A Syrian soldier stopped a motorist at a roadblock in western Beirut during the bloody fighting last month and demanded to see his identity card.

The man, whose name was Khoury, produced it. Khoury, a common name, is Arabic for “priest,” so the soldier asked whether the driver was a member of the Maronite branch of Roman Catholicism. Maronites are Lebanon’s largest Christian community, with about 600,000 adherents of roughly 1 million Christians in the country.

When the man nodded yes, the soldier said, “Then you are a Phalangist.” Like most Arabs, the soldier identified all Maronites with the Phalange and National Liberal parties, whose private militias had been trading artillery barrages with the Syrian forces for a week.

This incident, described by eyewitness Los Angeles Times reporter Joe Alex Morris, Jr., highlights the role that religious confessions play in Lebanon’s deadly strife. This particular Khoury, it turned out, was no member of the Phalange. But nine times out of ten the soldier would have been right. The push to partition Lebanon comes basically from the Maronite Christians. Other major Christian communities, such as the Greek and Syrian Orthodox and Greek Catholic churches, have not been inclined to provoke a face-off with their Muslim neighbors.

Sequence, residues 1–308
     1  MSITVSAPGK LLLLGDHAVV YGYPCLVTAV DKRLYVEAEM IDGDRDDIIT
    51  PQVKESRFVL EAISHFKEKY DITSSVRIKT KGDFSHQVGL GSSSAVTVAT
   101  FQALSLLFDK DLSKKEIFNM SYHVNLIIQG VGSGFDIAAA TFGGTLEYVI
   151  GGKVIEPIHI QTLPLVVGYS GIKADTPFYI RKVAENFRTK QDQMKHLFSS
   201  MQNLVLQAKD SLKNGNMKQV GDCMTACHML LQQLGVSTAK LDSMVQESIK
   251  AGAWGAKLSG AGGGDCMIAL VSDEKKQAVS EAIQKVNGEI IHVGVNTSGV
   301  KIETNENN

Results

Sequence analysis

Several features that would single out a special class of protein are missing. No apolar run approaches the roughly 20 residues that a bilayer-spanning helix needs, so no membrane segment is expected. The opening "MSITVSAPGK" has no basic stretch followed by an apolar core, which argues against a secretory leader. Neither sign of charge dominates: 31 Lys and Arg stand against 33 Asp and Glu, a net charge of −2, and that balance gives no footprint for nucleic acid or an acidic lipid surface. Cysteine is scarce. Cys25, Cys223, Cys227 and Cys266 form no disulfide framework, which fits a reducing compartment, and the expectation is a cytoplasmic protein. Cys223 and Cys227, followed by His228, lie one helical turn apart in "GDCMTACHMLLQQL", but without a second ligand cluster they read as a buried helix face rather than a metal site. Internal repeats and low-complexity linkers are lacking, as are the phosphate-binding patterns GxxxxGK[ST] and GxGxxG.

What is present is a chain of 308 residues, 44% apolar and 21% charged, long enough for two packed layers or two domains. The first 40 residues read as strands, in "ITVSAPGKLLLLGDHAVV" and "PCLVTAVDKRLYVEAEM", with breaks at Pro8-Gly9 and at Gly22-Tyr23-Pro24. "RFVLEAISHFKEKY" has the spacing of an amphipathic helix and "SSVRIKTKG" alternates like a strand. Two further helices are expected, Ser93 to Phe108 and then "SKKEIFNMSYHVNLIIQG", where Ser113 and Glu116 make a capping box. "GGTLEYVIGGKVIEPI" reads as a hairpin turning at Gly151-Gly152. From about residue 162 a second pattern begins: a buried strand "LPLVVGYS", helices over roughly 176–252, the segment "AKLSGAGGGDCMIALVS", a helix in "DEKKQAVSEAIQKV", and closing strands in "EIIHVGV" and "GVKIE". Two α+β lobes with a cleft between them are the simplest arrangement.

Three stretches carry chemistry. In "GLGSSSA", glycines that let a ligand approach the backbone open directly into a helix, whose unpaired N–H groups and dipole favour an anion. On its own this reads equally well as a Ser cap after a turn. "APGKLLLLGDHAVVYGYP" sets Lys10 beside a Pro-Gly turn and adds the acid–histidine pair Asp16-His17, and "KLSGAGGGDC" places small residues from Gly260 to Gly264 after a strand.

Geography and history help explain the Maronite stance. What is today Lebanon was once part of the Byzantine or Eastern Roman Empire. Its people were of the Orthodox (Greek) Church.

Muslim armies swept through the area in the seventh century and brought it under Arab administration. The coastal and interior lowlands were gradually Islamized, but the Lebanon mountain range became a kind of Christian sanctuary. This was especially true for the Maronites.

Two centuries ...

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